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OPINION | EDITORIAL: Left behind

Joe Biden’s Cabinet December 17, 2020 at 3:38 a.m.

Well, if The New Republic and The American Prospect are upset, maybe the Joe Biden administration won’t be so bad after all.

The far left in this country isn’t exactly outraged by President-elect Joe Biden’s picks to help him govern in the executive branch. But some among its commentariat are perturbed. Which might prove the incoming administration will be darn-near acceptable. Mostly.

We say “mostly” because, if reports are correct, two of the four top contenders for the Department of Education are union bosses. And we’re not kidding. Joe Biden is already expected to walk back the current administration’s support and encouragement for school choice, and Democrats have been trying to get rid of Betsy DeVos before they could accurately pronounce her name.

The Washington Post reported this past week that two of the front-runners to replace her are Lily Garcia, who recently stepped down as president of the National Education Association, and Randi Weingarten, the current head of the American Federation of Teachers.

Joe Biden has not attempted to hide his advocacy for unions of all kinds over the years. Picking one of these candidates would cement it. More’s the pity, if you’d like to see students as the focus of education.

As for other members of his Cabinet, he seems to be off to a moderate start. Which is encouraging, given that there is so much pressure for him to cave to the extremes of his party.

The new secretary of Agriculture will be the old secretary of Agriculture, Tom Vilsack, who served for eight years in the Obama administration. This pick gets the left as close to outraged as they can get with a new allied administration taking office: The American Prospect calls it a “political catastrophe” and proves that Biden “would rather gratify corporate donors and old friends” than win future elections. Future elections? Joe Biden won’t be inaugurated until next month!

Antony Blinken is scheduled to be the next secretary of State, which might be the most high-profile and important position in any Cabinet. If he’s confirmed by the Senate, he’d probably bring back the time when the United States relied on allies to help in international battles, hot and cold.

He’s pro-NATO, pro-Europe, and has as much experience in international affairs and the State Department as he has in being an important adviser to Joe Biden. Antony—no “h”—Blinken seems a serious man for a serious job.

Retired Gen. Lloyd Austin needs Congress to grant him a waiver before he can take over as the nation’s first Black secretary of Defense. Because this nation demands that the military be under civilian control, always, the rules say generals can’t become secretaries of Defense until after they’ve been out of uniform for seven years unless said waiver is approved. Such waivers have been approved before, including for Jim Mattis, President Trump’s first secretary of the DoD.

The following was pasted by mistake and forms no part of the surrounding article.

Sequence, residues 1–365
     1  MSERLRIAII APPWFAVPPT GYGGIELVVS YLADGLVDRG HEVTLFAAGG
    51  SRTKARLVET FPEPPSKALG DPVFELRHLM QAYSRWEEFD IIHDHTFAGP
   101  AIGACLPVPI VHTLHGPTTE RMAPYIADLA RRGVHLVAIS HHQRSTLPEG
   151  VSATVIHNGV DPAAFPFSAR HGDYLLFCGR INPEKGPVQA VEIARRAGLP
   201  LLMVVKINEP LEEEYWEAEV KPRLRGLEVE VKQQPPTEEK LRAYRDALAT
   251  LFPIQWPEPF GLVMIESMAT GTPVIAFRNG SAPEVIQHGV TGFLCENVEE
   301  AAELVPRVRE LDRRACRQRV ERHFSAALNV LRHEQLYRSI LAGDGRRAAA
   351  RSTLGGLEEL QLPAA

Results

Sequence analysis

Picking experience over ideology, Joe Biden went with Janet Yellen to lead the Treasury Department. This nomination was “a good idea,” because as the former head of the Federal Reserve she “knows the ropes” and did a “decent job” in the past. She also has “sensible views on the economy.” These quotes are from President Trump’s economic adviser Larry Kudlow.

Another thing that recommends Janet Yellen: Her name isn’t Elizabeth Warren.

WHICH brings up a point that our friends in other publications keep repeating: Why not Elizabeth Warren? Why not Bernie Sanders? Where are the nominees from the Progressive Cabinet Project? Those recommendations include Kirsten Gillibrand at Defense (!), Russ Feingold at State, and former ACLU attorney and former acting assistant Attorney General Vanita Gupta as Secretary of Homeland Security (!!).

Actually, the music hasn’t stopped yet, and there are still chairs to fill. As this was written, Joe Biden still hasn’t picked nominees for attorney general, secretary of Labor or secretary of Commerce, among others. He’ll also have to fill White House staff positions with Cabinet-level ranks, such as the leader of the EPA. These things take time.

There are concerns, as there are during any presidential transition, and even after a successful one. The wolf is always at the door. Which reminds us: Since there are all these folks with the word “Obama” on their professional bios, this administration would be wrong to go back to leading from behind. Frustrating progressives and liberals by picking experienced veterans for these positions is one thing. Frustrating Americans and allies by pushing an Obama III administration is another.

Getting the band back together isn’t always as good as it sounds. Especially with hits like “ISIS JV Team,” “Assad Must Go” and “Mishandled Arab Spring.”

But we still believe in a place called Hope. This new president and this new administration have met at least this challenge: It apparently has no interest in letting the far left dictate its appointments.

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